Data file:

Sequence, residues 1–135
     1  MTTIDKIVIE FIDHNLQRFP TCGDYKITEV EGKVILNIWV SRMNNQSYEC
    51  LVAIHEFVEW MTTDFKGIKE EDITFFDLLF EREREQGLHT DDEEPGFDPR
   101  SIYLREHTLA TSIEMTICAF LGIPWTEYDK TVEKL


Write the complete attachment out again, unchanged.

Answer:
Sequence, residues 1–135
     1  MTTIDKIVIE FIDHNLQRFP TCGDYKITEV EGKVILNIWV SRMNNQSYEC
    51  LVAIHEFVEW MTTDFKGIKE EDITFFDLLF EREREQGLHT DDEEPGFDPR
   101  SIYLREHTLA TSIEMTICAF LGIPWTEYDK TVEKL